Carcass, shmarcass?: The N.C. Wildlife Commission is reminding us that proper disposal of deer and other game carcasses is a vital last step to any hunting trip—and also helps avoid acts that could be considered at least unsightly and, at worst, illegal.
“Recent reports of illegally discarded deer carcasses give a negative image of hunting and hunters,” warns Capt. Chris Huebner, a wildlife-enforcement officer and the state’s hunting-safety coordinator. Dumping deer bits along a highway right of way or without permission on private property is considered littering and is punishable by fines up to $1,000. Moreover, it’s stinky and it scares children and old widows.
“Don’t think a carcass will just be taken care of,” Huebner says. To learn more about proper deer disposal, visit www.ncwildlife.org or dial (919) 707-0030.
Stay connected: The Asheville Area Boating Beta (www.boating beta.com) page is a great resource for local paddlers, but it doesn’t maintain itself magically.
If you’d like to help sponsor the site, consider becoming a data contributor, financial donor or prize donor. To find out more, send Chris Bell (firstname.lastname@example.org) a message.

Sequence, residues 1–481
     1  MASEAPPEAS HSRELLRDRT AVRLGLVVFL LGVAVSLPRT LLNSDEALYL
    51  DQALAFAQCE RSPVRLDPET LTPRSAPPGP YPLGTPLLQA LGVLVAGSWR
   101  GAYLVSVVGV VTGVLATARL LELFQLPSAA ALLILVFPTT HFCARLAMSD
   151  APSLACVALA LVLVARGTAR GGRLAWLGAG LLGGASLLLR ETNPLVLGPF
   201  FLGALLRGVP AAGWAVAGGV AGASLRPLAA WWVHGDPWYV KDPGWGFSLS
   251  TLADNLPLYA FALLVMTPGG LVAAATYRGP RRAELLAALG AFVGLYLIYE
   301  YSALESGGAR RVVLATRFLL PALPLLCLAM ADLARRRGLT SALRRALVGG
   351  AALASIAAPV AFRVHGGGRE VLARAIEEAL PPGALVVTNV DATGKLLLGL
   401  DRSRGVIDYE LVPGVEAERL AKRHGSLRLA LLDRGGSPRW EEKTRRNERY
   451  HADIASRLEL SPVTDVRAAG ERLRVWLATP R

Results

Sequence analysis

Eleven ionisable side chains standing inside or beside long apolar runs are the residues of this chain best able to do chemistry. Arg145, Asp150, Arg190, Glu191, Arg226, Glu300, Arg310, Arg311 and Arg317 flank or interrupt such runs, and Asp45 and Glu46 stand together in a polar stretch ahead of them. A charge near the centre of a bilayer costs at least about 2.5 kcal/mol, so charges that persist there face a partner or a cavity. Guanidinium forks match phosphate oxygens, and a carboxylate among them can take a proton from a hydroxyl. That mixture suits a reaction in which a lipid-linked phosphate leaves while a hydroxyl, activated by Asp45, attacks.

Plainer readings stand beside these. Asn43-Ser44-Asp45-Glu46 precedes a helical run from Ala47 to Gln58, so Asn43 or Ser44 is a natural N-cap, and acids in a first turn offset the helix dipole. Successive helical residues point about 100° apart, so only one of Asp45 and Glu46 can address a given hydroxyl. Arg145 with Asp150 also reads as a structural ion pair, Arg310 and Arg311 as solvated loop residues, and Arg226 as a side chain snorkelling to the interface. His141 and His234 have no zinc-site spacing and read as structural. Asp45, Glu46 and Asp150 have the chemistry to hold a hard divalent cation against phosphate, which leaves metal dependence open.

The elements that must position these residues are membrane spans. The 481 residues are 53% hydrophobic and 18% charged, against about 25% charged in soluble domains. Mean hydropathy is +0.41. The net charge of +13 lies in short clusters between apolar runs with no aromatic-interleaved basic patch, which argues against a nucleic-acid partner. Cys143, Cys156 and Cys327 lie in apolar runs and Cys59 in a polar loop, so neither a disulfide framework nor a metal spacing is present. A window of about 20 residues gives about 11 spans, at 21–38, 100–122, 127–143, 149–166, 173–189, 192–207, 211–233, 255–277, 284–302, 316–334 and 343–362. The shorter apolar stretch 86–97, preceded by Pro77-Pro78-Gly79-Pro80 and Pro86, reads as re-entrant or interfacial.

They get paid to do the wild thing: Earth School in Tryon is hosting a 10-day winter Survival Advanced Wilderness Living Skills course from Jan. 18 to 27.
The course promises to “teach you the mysteries of the natural world.” Participants will “learn how to live comfortably in the outdoors, expand and awaken your senses and connect with nature using the lost knowledge and skills of our ancestors.”
Tuition is $1195. Visit www.lovetheearth.com or call 395-1758 for more information. Look for the whole Earth School story in an upcoming edition of Mountain Xpress.